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What, in essence, leads you—really, anyone—to get angry? Consider some possibilities:
You . . .
- Evaluate something as unfair to you;
- Experience your boundaries as being violated;
- Feel disappointed, distrusted, dishonored, unappreciated, disrespected, insulted, demeaned, disregarded or dismissed (and that’s just a sampling of negative reactions); or
- Believe you’re been taken advantage of, cheated, tricked, or gaslighted.
So is there a common core that characterizes these various provocations? What I’d like to suggest here is that at the deepest root of all the perceived affronts that make you mad is the fear you’re not good enough. In the nanosecond before you react with anger, your expectations or, on a more fundamental level, your self-image has taken a hit. And that’s why I view anger as instinctive—as how, outwardly, we’re inclined to act (as part of some ancient survival program) to fend off threats to our inner security.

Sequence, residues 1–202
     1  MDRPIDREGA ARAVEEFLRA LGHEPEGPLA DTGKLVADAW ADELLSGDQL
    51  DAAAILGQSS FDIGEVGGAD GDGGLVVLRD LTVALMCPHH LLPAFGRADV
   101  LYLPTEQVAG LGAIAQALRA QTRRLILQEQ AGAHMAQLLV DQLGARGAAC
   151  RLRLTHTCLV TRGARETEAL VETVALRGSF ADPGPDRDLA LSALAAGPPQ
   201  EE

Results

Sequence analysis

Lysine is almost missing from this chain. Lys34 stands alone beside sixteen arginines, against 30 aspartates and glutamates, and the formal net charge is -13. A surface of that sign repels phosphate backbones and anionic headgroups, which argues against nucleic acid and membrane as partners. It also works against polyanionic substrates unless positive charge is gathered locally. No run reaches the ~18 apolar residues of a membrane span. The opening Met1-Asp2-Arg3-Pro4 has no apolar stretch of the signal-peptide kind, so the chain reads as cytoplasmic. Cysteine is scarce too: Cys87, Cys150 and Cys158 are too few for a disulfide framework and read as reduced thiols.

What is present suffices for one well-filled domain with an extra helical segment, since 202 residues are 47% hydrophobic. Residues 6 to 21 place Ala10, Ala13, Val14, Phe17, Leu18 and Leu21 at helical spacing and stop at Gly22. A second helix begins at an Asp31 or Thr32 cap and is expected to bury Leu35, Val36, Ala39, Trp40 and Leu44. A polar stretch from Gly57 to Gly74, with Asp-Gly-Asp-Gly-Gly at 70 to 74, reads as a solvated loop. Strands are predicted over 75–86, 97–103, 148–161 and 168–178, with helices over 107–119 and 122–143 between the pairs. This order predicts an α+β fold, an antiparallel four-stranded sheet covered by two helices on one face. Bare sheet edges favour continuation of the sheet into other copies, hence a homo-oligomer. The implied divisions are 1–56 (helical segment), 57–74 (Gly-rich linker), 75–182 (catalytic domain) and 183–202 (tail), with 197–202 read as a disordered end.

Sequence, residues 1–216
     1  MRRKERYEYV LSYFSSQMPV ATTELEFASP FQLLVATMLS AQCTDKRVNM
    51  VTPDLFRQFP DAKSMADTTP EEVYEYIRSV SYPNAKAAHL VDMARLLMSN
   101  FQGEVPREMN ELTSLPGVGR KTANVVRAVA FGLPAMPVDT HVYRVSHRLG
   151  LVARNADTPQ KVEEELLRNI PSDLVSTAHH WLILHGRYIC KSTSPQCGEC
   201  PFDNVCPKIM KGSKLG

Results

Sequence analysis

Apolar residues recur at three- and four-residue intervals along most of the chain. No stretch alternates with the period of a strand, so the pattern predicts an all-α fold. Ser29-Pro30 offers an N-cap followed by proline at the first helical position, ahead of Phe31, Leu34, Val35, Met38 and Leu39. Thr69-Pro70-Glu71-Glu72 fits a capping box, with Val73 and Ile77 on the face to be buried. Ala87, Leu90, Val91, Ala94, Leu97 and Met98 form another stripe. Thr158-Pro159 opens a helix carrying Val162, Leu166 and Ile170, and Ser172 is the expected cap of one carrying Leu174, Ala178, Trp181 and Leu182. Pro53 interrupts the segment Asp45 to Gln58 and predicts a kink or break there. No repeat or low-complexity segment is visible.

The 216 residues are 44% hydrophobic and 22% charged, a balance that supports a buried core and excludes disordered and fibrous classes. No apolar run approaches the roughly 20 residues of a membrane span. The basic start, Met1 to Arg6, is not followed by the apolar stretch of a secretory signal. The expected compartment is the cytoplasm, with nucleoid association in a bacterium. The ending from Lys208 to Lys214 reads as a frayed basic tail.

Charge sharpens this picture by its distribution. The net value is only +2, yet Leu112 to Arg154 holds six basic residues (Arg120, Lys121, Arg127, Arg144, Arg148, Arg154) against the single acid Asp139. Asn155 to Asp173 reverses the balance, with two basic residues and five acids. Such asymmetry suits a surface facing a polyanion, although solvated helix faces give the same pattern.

When we regard another as accusing or attacking us, we’re compelled to suppress these uncomfortably disturbing feelings of anxiety or shame. And we do this defensively (though it projects as offensive), by vehemently hurling this felt blame back on them. In that sense, all anger is reactive: a knee-jerk response to what immediately (though generally unconsciously) feels threatening to you. If there’s an emotion that can be seen as debasing the golden rule, surely it’s anger. For here, kindness, compassion, and fellow feeling is perverted by the motive of self-righteous revenge.
In the moment you react angrily toward another, you’re protesting—or retaliating—against how you’ve just been made to feel. It can’t be overemphasized that this reaction exists totally independent of what may have been the other person’s intentions. For what drives your anger is the notion that someone (perhaps most commonly, a close family member) is purposely acting against you, thereby exposing your vulnerabilities. And in this regard, your anger is best understood as the single, most powerful defense against such provoked vulnerability.